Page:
Molecular evolutionary rates are not correlated with temperature and latitude in Squamata: an exception to the metabolic theory of ecology?

Détails

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Etat: Serval
Version: Final published version
ID Serval
serval:BIB_304D2DE39E55
Type
Article: article d'un périodique ou d'un magazine.
Collection
Publications
Titre
Molecular evolutionary rates are not correlated with temperature and latitude in Squamata: an exception to the metabolic theory of ecology?
Périodique
BMC Evolutionary Biology
Auteur(s)
Rolland J., Loiseau O., Romiguier J., Salamin N.
ISSN
1471-2148 (Electronic)
ISSN-L
1471-2148
Statut éditorial
Publié
Date de publication
2016
Peer-reviewed
Oui
Volume
16
Pages
95
Langue
anglais
Résumé
The metabolic theory of ecology stipulates that molecular evolutionary rates should correlate with temperature and latitude in ectothermic organisms. Previous studies have shown that most groups of vertebrates, such as amphibians, turtles and even endothermic mammals, have higher molecular evolutionary rates in regions where temperature is high. However, the association between molecular evolutionary rates and temperature or latitude has never been tested in Squamata.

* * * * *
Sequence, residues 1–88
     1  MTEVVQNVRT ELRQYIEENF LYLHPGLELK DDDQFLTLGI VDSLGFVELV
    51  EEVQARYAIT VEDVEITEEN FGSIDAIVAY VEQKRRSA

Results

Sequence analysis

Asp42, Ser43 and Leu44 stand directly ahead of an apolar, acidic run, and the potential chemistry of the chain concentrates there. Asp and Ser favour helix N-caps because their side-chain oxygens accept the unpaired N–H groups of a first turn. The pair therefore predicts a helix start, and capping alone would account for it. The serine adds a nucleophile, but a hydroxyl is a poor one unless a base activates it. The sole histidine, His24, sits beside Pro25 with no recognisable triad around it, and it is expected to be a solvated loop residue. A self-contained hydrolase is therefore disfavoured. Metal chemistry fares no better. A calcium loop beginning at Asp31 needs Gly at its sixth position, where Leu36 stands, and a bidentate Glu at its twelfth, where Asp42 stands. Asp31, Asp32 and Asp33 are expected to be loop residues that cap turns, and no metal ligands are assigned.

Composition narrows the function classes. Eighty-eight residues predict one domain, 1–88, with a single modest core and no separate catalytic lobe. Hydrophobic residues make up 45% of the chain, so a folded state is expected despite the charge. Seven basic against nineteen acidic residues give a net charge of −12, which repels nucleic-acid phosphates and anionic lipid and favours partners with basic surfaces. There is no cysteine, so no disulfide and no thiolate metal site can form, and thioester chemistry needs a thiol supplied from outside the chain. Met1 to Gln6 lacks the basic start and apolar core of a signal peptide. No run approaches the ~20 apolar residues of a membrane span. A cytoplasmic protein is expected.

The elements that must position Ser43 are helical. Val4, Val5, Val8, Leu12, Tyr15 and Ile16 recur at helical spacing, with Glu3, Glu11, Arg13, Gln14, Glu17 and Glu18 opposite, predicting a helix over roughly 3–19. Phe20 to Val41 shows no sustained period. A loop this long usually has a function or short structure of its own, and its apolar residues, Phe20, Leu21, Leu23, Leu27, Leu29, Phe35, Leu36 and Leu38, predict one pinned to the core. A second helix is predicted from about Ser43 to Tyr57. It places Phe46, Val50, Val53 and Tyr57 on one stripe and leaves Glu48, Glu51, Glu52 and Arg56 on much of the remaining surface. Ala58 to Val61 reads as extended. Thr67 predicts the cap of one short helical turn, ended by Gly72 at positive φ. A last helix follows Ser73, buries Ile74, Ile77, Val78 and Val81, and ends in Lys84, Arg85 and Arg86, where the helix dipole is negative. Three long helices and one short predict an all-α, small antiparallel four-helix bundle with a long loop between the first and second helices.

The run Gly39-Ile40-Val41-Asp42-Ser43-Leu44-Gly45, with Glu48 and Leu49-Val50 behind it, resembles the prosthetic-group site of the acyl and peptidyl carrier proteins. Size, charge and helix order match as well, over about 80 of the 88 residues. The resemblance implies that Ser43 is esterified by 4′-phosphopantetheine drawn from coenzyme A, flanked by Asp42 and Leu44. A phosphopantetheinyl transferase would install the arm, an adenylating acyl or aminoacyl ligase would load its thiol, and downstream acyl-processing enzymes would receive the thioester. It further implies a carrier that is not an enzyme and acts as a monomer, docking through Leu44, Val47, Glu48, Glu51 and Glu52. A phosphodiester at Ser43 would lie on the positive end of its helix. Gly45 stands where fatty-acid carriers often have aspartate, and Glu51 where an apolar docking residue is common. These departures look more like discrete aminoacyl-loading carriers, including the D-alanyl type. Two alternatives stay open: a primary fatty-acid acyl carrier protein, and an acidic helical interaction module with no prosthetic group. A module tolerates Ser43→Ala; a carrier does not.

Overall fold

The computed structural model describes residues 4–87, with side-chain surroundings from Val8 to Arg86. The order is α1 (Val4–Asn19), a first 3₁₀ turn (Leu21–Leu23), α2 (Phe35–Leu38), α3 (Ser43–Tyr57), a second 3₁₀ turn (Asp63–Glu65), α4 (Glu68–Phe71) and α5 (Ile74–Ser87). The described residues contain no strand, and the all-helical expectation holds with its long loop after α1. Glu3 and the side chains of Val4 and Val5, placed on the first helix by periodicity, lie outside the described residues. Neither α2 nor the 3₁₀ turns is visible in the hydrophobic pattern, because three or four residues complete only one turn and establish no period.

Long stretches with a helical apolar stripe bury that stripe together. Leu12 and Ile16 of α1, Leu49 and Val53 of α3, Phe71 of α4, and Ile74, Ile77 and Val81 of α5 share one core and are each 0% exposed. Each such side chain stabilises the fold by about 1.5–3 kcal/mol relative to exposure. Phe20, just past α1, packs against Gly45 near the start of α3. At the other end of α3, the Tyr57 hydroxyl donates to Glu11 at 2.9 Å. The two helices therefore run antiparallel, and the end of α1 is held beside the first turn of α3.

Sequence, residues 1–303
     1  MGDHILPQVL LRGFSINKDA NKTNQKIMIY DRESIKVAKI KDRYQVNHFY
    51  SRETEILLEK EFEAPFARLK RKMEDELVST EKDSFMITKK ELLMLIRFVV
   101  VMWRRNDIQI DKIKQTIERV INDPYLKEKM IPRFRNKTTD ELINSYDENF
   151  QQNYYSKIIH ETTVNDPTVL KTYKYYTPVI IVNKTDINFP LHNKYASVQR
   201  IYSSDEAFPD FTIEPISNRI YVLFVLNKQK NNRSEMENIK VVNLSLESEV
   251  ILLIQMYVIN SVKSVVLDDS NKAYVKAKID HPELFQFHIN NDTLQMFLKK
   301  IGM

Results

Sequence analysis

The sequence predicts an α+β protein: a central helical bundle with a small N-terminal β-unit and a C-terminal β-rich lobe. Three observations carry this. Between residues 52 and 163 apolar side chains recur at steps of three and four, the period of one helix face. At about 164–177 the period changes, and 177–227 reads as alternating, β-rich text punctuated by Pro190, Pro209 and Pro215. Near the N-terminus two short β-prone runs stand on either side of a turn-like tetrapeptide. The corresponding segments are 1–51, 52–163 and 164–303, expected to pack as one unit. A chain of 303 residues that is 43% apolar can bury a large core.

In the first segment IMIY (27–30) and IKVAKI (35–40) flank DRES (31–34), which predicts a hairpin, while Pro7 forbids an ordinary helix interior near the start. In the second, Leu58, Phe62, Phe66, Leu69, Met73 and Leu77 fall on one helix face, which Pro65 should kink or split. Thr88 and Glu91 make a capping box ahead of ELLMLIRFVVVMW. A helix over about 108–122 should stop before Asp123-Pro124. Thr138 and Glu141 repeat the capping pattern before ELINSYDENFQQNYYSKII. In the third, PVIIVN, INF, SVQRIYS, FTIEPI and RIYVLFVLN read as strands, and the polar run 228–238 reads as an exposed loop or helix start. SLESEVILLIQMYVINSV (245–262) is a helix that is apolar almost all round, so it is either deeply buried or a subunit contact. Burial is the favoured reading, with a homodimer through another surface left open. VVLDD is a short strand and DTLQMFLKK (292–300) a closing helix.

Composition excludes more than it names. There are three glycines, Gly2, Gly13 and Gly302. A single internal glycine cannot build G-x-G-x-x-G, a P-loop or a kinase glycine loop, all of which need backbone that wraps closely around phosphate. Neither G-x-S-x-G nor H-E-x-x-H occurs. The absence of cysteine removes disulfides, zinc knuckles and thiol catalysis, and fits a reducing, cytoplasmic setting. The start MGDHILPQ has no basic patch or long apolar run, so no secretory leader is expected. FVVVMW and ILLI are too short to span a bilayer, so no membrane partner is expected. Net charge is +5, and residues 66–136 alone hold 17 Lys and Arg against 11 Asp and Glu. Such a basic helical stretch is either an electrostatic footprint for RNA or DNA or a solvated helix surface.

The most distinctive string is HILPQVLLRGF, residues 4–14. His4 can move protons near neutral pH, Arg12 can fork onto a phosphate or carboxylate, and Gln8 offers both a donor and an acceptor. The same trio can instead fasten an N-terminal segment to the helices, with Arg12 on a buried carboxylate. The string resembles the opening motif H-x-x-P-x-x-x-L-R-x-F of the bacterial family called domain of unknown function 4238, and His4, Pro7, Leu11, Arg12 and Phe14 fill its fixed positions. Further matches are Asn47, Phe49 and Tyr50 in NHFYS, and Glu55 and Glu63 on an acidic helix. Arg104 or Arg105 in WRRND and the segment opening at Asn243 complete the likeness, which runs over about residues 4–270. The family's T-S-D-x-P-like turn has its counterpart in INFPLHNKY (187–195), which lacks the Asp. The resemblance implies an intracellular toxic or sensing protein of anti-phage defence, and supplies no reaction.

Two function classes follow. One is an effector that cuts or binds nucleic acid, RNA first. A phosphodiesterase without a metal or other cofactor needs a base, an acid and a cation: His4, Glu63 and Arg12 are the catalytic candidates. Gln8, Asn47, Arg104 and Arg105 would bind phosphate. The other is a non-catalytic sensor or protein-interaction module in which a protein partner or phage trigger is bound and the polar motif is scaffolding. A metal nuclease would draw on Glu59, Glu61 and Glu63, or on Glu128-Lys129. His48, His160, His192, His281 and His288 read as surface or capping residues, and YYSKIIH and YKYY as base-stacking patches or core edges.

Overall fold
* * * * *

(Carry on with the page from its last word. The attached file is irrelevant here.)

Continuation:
We used a large dataset including the spatial distributions and environmental variables for 1,651 species of Squamata and compared the contrast of the rates of molecular evolution with the contrast of temperature and latitude between sister species. Using major axis regressions and a new algorithm to choose independent sister species pairs, we found that temperature and absolute latitude were not associated with molecular evolutionary rates.
This absence of association in such a diverse ectothermic group questions the mechanisms explaining current pattern of species diversity in Squamata and challenges the presupposed universality of the metabolic theory of ecology.

Mots-clé
Animals, Ecology, Evolution, Molecular, Geography, Lizards/metabolism, Lizards/physiology, Models, Theoretical, Phylogeny, Species Specificity, Temperature, Diversity, Lizards, Mutation rate, Reptiles, Snakes, Speciation rate
Pubmed
Web of science
Open Access
Oui
Création de la notice
13/05/2016 8:21
Dernière modification de la notice
08/05/2019 16:37
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